Yes, it has sulfur components, that's undeniable. But sulfur is not just sulfur and its existence does not make a whisky a bad or even "dirty" whisky. In an elegant Speysider one would perhaps be able to call a note of sulfur a false note, to a filling of Longrow, in which "elegance" is probably not a desired characteristic, fits this note but perfectly. In no case is he "over".
Old leather, tobacco leaves, black cherries, overripe red grapes and above all pleasant BBQ smoke.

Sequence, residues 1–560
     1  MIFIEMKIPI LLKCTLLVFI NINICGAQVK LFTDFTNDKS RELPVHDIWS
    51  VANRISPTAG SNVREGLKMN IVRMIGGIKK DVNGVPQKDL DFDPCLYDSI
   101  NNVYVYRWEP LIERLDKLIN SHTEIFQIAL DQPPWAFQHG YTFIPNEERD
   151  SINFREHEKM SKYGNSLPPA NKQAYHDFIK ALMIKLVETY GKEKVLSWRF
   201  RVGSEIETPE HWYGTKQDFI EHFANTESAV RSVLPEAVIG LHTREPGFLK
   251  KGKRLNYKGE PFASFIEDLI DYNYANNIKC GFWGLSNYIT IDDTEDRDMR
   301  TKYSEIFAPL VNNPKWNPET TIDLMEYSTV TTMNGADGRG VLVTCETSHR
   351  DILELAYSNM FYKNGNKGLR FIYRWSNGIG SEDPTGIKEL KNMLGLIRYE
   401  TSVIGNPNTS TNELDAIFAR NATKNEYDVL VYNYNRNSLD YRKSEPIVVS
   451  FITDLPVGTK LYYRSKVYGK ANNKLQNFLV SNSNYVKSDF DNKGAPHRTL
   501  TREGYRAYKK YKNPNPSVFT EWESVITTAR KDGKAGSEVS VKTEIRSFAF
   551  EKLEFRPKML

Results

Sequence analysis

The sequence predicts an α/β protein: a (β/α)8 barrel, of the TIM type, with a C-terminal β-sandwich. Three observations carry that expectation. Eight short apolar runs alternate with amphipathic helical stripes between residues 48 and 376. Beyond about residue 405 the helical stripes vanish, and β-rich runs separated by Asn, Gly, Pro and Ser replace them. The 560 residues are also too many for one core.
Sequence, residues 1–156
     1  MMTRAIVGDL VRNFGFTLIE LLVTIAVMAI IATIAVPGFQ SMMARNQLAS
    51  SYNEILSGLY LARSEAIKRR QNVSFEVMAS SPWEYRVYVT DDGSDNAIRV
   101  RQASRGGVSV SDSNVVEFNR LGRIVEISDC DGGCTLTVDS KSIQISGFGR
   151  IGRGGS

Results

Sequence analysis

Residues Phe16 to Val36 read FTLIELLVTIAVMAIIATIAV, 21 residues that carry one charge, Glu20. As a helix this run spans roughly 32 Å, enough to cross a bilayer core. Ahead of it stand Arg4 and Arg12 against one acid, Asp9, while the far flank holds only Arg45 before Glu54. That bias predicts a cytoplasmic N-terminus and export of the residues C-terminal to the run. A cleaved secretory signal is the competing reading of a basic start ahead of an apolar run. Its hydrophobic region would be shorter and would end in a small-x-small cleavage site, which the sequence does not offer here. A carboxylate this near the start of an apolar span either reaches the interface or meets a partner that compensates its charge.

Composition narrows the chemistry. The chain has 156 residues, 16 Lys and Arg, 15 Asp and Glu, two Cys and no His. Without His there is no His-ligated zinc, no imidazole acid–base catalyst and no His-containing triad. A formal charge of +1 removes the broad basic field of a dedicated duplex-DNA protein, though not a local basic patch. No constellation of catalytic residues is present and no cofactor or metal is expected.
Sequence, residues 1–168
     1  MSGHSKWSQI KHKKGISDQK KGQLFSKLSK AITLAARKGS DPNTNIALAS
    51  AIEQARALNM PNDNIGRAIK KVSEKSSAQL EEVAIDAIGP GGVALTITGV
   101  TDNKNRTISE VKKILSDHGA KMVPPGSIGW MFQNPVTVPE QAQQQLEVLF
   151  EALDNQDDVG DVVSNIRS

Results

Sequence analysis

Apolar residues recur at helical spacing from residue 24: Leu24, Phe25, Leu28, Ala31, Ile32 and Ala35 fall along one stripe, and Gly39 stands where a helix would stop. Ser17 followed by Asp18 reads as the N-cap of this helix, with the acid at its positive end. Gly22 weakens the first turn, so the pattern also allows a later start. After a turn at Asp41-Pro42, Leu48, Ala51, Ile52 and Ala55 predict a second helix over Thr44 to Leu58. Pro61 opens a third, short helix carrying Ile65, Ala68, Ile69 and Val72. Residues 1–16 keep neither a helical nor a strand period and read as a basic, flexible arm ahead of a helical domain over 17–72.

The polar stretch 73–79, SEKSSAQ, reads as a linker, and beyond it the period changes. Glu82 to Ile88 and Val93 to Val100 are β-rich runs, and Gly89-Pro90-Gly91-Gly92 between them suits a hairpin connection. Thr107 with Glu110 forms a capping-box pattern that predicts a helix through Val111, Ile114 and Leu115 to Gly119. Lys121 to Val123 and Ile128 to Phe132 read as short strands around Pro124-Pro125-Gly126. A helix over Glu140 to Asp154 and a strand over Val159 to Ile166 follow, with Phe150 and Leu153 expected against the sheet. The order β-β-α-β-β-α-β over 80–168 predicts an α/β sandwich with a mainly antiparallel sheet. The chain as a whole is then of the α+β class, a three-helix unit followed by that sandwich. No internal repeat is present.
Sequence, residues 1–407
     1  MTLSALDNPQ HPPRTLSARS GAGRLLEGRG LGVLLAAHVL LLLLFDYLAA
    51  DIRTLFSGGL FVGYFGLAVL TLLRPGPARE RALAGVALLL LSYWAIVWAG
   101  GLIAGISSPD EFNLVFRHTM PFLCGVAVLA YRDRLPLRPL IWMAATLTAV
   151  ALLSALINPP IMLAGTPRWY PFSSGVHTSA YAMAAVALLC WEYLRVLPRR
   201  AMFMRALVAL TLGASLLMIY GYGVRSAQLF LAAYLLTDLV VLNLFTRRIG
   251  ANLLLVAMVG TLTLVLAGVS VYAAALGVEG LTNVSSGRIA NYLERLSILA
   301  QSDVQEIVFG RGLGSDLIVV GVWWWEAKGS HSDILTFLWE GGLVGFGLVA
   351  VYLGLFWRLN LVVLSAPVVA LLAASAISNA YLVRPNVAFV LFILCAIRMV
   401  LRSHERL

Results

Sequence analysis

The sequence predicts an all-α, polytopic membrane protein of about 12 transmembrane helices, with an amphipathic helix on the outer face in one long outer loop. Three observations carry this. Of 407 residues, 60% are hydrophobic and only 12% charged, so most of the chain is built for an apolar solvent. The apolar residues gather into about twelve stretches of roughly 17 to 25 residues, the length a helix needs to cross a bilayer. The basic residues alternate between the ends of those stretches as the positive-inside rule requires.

Just touched match. Damp forest floor, fine herbs and spices.
Dry onset with intense, cold smoke. Again the canned cherries, the very ripe red grapes. A good shot of bitter honey, men's chocolate. Pebble taste. The smoke, intense at the beginning, continues to turn with time, then accompanied by the smell of a just touched match (removed, in the next room). Over time, salt liquorice and spices come forward, thyme and rosemary. Pepper supports the spicy impression.
Medium long, dry and smoky. Liquorice, salty, The dark fruit from the nose and the palate are just a clue.